2008/12/31 Kenneth Gonsalves <lawgon@au-k...>:
> as far as I know, QT is some sort of toolkit which is used to build
> applications (I may be wrong). The question is: when I build an application
> using QT, am I modifying QT? Am I creating a derivative work of QT? If so, I
> have to release the code under GPL. If not why should I release it under GPL?
> Next some one will say that all code created using GNU C compiler has to be
> released under GPL. Or if I use the linux develop software I have to release
Would your application work without QT? You need QT+your code to make
your application work. You don't need GNU C compiler for your built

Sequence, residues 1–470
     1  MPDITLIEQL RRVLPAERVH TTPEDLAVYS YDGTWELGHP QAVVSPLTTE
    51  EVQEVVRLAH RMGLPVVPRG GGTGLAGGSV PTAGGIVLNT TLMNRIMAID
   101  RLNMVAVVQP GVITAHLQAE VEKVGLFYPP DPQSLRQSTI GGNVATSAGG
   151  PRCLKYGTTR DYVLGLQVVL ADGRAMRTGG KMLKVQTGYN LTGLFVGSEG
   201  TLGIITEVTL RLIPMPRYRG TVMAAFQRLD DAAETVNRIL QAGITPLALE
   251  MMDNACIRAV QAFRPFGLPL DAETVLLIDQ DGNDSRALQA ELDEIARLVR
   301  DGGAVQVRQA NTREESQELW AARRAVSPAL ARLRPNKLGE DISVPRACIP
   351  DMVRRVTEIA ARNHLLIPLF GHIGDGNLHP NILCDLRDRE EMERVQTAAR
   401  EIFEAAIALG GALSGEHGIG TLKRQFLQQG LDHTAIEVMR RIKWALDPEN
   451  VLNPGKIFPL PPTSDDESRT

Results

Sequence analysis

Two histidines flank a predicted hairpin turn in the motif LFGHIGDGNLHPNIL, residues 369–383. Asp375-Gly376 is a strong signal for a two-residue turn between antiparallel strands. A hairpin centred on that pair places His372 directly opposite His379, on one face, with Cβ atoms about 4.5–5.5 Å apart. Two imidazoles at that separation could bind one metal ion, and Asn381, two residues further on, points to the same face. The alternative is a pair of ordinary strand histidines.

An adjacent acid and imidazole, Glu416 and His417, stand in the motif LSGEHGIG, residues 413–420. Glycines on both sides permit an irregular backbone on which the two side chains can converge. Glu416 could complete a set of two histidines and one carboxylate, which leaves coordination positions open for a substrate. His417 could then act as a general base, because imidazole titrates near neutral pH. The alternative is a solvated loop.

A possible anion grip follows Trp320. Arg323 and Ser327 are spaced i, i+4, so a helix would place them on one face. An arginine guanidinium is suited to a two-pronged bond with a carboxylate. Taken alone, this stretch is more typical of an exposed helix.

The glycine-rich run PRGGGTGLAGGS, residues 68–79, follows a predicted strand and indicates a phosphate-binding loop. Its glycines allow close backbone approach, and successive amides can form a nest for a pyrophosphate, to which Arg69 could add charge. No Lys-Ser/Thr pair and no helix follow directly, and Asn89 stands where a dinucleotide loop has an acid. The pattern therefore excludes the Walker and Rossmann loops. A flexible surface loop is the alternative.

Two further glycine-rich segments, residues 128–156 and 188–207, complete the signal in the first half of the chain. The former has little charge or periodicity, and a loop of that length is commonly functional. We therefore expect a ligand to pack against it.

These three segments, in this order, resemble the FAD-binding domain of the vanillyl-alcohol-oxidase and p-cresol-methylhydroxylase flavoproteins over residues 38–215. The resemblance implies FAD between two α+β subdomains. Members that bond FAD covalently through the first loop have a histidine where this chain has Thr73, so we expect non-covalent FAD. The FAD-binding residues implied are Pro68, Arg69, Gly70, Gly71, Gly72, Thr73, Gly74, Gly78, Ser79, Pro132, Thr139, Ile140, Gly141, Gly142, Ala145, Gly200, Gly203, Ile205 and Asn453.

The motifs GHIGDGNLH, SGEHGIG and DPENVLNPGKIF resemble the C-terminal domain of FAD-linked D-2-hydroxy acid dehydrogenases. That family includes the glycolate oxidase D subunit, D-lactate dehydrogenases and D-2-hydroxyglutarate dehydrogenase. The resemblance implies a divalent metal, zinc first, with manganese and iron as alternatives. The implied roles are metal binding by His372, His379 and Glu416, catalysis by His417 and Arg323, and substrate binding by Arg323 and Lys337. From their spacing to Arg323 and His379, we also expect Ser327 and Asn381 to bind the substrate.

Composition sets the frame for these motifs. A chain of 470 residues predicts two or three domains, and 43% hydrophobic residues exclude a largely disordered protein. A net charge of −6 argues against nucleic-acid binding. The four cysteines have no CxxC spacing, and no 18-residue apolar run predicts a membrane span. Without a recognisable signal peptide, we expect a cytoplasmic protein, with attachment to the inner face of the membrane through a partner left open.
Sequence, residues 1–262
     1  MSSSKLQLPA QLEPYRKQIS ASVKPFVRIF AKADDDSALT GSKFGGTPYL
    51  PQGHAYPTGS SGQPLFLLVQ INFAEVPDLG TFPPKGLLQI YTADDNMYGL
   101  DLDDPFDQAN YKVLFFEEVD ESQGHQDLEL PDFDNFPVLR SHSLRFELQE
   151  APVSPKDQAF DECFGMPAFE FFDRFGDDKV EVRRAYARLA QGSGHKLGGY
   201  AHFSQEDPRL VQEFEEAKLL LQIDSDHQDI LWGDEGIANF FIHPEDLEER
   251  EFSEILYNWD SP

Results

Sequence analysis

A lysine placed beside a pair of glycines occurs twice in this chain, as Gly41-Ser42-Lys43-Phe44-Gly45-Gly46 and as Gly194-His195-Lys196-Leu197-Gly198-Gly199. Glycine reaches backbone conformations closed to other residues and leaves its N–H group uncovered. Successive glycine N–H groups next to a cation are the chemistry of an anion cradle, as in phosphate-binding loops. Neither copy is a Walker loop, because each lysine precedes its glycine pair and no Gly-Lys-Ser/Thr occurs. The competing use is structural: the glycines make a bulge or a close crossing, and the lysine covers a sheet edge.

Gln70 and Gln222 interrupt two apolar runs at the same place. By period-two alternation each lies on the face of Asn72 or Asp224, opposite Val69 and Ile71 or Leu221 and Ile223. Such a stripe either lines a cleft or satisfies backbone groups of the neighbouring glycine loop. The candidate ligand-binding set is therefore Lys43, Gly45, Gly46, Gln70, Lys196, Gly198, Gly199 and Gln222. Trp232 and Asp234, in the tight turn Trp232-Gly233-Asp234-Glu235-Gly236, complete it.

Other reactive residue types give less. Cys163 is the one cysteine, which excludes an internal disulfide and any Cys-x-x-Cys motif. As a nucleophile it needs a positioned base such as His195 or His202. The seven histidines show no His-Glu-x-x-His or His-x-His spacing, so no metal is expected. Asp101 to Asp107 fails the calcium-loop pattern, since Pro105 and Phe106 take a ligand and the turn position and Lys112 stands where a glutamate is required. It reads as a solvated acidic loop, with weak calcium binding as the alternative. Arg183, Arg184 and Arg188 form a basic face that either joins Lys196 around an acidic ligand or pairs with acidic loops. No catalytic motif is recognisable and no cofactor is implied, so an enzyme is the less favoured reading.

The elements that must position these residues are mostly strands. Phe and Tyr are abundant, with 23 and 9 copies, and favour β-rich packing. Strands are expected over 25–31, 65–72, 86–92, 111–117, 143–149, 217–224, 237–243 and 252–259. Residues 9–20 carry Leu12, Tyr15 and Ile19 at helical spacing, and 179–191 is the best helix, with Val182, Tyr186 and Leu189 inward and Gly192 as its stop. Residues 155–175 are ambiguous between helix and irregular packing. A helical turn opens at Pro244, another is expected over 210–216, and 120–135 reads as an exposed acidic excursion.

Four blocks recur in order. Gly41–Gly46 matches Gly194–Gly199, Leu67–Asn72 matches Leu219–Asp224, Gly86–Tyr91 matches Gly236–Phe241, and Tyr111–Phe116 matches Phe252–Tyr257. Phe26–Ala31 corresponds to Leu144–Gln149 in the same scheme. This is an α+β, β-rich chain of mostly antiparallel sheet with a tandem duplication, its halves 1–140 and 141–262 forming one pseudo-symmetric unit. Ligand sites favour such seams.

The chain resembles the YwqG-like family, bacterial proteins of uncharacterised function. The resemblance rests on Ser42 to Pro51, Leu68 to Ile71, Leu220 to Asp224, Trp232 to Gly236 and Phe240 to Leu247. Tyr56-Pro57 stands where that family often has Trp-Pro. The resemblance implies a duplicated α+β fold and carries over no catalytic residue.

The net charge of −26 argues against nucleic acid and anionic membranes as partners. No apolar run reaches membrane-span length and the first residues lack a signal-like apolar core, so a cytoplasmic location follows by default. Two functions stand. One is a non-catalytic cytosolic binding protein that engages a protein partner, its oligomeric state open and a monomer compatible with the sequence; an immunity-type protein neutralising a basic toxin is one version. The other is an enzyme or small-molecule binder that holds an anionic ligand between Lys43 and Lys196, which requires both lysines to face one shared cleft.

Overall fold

code to work, you will need GNU C library (glibc). But glibc is under
LGPL. If glibc were under GPL, what you say will be correct. I think
the confusion is because we are not used to many GPLed libraries and
assume libraries can't be GPL.
>> > "The Open Source Edition is freely available for the development of Open
> Nokia? how did nokia come into the picture?
well you found it yourself. Nokia bought Trolltech and now own QT.
> so any application developed using QT is a derivative work? And again, where
> does Nokia come in?
Any application that will need QT to run (compile time or runtime) is
a derivative work. Any program that uses a library is a derivative
work and your ability to use the library is based onthe license of the
Well, there is still contention whether dynamic linking can be a